Curriculum Kernewek

Cornwall Agreed Syllabus 2011

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+ Guide to Cornish Saints

Cornish Saints are people who founded or inspired the foundation of Christian communities in Cornwall. Some were Cornish born but many were not, travelling to and through Cornwall from their native lands, mainly Ireland, Wales and Brittany. It is difficult to date the arrival of Christianity in Cornwall but British Christians were certainly spreading the Word for at least 300 years before Augustine of Rome and his missionary monks landed on the east coast of Britain, in 597AD. Augustine encountered active Christian communities (often known as the Celtic Church) with well developed and localised culture and traditions. As a representative of the Roman Church, Augustine sought to bring coherence to Christian practice and pressed for communities to adopt practices sanctioned by the Roman Church.

Whilst the names of Cornish Saints survive in place-names, wells and church dedications, for many the details of their missionary activities have been lost. Where records survive we find that many of the Cornish Saints were ordained monks, priests and bishops participating in an organised network of monasteries and Christian communities across Britain and into Europe. The Cornish Saints are often linked by their family or community connections, for example, up to twenty four of them are reputed to be the children of King Brychan and Queen Gladwisa of South Wales. Others seem to have sought solitude outside of such networks and commitment by living in remote places. This practice often attracted others, for instance, it is said that when St Petroc lived as a hermit in his simple cell (small building) on the moor so many people flocked to join him that the settlement of Bodmin was founded.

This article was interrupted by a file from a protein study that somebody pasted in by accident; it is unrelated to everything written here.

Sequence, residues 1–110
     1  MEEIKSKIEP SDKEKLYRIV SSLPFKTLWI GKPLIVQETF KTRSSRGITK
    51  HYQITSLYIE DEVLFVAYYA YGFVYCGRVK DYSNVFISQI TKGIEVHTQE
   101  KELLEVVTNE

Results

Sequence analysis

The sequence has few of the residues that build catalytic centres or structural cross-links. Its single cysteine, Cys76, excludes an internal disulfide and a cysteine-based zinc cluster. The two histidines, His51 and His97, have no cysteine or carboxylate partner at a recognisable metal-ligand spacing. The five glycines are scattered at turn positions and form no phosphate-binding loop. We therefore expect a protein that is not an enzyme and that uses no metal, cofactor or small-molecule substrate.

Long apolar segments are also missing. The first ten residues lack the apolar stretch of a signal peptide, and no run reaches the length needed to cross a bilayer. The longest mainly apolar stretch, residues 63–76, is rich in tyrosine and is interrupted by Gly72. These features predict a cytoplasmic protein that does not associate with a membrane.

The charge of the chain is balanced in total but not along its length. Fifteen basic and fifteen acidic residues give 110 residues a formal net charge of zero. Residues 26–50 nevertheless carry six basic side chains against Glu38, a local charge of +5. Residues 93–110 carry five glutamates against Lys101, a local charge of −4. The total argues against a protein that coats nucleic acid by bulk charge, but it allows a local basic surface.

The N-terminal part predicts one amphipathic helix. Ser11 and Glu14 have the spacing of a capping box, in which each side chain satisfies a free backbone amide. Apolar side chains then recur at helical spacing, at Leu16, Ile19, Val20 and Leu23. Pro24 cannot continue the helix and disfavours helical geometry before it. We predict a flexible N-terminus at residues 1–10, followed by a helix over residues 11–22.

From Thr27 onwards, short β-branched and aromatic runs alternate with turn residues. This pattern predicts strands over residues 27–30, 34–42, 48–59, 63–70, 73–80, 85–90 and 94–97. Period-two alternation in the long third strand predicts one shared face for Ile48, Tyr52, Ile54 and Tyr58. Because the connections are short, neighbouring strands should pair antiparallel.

Whilst many Cornish Saints are forgotten in historic records they are remembered in stories which describe their special qualities and the 'signs and wonders' or 'miracles' they performed. That Cornwall was blessed with so many saints is captured in the traditional saying, 'There are more saints in Cornwall than in Heaven'. The significance of the Cornish Saints both in the past and today is evidenced by the sheer number of churches dedicated to them, settlements named after them and the early and continued presence of Christianity.

Traces of Cornish Saints and their lives can be found in:

+ Place-names – many of these bear the prefix of Saint, for instance, St Austell and St Breock. Other place-names are less obviously inspired by Cornish Saints, for instance, Anta probably gave her name to Lelant, Carantoc to Crantock and Gwbert to Cubert.

+ Churches – many are dedicated to Cornish Saints. Current church buildings have replaced or incorporated early places of worship and original structures dating from the age of Saints are difficult to verify. St Madern's chapel in Madron is a simple building which may not have changed much since it was built. Some churches acknowledge Cornish Saints that they are not dedicated to, for example, the medieval stained glass windows in St Neot Church depicts St Mabyn.

+ Holy Wells – these are in abundance across Cornwall and are commonly named after the local saint. It is likely that the wells had practical uses and were associated with spirits or gods in pre-Christian culture before they were used by Saints and their Christian communities for drinking, washing and baptism. Some of the stories about Saints mention their discovery of water or their ability to bring forth water from the earth.

+ Records – largely consist of calendars, prayers and an account of the life of the Saint. These were contained in church service books for use on the Saints' feast day but much of this material has been lost or destroyed.

+ Traditions – are the beliefs and customs of communities, such as the annual feast days that communities hold to commemorate their saint. Storytelling traditions preserve the tales of Cornish Saints, their adventures and achievements.

+ Relics – include the bones of the Saint which were considered sacred and were kept by the community for use on special occasions. A Saint's staff and bell were also treated as objects of significance. It is thought that Saints rang hand bells to gather people to hear their message, two examples are preserved in Brittany.